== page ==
Jordan: A little bit of both. Currently, with a smaller group of humans to accomplish the same work, the right information for them is important. Now, because of network speeds and all of these IIoT devices being installed everywhere, what will happen is we’ll add more complex and maybe a convoluted level of information that they want to give to the right person, in the right place and time. What I mean by that: typically those conversations have stuck to the local plant. But now I think it will be descriptive of what’s happening from the plant floor up to the C Suite.
It’s just the scope that’s different. It used to be the plant floor, then multiple plant floors and now it’s worldwide operations. Getting valuable information up to the people at the right time to make 30,000 foot decisions. We’ve never been able to do that before, because the information was not real-time.
Rely on the Latest Technology
Nymi: Companies are increasingly reliant on IT/OT systems to conduct their business and run their production plants. How can you ensure uptime and reliability for them? What kind of service agreements should customers expect?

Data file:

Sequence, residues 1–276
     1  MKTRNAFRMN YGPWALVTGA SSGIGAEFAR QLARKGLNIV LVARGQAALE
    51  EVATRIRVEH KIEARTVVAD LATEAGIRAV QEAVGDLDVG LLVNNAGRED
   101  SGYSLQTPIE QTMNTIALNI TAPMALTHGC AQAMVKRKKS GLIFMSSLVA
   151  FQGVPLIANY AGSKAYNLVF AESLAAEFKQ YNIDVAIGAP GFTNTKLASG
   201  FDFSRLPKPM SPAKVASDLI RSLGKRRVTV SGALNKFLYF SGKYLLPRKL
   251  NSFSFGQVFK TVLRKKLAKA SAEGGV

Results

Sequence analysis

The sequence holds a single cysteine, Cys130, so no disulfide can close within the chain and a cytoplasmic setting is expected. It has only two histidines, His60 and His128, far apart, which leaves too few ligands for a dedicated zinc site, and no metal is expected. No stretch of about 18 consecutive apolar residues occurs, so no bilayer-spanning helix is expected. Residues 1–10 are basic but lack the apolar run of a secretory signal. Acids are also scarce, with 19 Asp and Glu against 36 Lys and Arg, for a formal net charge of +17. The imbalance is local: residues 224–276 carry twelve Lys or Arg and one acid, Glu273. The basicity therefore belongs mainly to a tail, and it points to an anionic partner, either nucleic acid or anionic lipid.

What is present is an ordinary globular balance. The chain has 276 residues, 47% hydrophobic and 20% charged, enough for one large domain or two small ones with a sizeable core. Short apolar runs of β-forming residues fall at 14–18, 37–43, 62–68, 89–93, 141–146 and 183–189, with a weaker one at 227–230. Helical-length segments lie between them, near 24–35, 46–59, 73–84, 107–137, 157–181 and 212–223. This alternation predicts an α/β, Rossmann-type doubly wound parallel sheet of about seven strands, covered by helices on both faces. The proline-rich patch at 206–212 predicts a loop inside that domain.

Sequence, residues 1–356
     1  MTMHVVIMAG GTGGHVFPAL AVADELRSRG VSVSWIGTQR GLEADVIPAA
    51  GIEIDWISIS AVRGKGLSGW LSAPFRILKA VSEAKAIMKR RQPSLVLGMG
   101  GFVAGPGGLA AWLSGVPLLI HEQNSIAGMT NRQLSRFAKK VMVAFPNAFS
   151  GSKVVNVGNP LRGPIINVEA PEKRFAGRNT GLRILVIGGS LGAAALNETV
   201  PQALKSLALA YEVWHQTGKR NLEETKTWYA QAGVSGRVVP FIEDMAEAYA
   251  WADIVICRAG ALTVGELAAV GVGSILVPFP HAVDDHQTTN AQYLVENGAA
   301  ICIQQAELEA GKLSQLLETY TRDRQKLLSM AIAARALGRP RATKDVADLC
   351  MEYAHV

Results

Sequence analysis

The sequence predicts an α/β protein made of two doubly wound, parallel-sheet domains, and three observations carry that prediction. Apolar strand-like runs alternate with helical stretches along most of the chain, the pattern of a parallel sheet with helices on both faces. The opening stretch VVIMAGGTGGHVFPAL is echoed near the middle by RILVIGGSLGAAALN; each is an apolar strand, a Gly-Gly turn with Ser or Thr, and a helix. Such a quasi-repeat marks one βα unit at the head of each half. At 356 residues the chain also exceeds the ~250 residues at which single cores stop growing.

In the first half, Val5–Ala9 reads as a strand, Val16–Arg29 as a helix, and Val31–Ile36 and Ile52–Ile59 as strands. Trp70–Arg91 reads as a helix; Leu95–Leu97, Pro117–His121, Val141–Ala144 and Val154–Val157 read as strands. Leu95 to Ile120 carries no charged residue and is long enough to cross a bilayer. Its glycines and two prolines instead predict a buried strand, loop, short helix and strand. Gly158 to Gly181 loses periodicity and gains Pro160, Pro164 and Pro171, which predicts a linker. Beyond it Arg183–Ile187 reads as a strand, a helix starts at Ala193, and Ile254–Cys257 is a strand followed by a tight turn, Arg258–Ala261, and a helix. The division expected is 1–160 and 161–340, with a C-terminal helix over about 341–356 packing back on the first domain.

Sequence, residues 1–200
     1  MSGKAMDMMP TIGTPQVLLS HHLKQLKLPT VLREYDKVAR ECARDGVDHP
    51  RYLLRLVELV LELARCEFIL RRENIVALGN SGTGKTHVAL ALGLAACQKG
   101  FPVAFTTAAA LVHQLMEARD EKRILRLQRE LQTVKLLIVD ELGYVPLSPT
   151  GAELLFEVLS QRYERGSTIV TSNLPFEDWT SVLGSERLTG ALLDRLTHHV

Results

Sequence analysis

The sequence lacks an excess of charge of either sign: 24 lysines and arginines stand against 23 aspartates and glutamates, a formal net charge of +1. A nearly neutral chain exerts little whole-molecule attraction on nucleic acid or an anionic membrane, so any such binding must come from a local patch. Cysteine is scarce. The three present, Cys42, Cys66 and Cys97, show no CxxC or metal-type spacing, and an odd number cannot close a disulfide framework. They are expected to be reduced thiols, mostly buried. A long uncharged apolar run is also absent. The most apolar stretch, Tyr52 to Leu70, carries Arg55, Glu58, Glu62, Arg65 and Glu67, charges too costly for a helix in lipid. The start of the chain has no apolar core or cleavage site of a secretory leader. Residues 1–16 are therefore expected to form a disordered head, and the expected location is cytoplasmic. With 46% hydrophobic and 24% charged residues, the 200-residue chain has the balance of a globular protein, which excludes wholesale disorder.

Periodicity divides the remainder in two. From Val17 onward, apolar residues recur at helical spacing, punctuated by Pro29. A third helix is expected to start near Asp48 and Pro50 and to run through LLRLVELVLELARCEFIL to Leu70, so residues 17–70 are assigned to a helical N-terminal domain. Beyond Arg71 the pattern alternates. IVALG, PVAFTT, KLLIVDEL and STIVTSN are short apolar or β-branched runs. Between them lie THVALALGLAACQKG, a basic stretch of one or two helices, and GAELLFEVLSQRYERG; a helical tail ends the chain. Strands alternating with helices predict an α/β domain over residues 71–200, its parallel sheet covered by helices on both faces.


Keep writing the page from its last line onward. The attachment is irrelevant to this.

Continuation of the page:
Jordan: That’s interesting for us. ThinManager, from a technical standpoint, is only required when the terminal boots. You can take a ThinServer offline. Once thin clients boot, they will operate with the configuration you’ve given them. So for us, that’s never been an issue. We don’t take down the plant.
But of course, it’s centralized. That’s why redundancy is so important for power supplies and networks. We are proud that when one of our terminals go down, you don’t lose data and can replace it in 2-3 minutes. Service agreements are important. We require the first year you have a terminal, you must have a support agreement. That’s because challenges usually happen when getting it up and running. The most important part is the software maintenance agreement, with free upgrades through time. You want the new technology that makes you more productive, secure and agile to move into the future against your competition.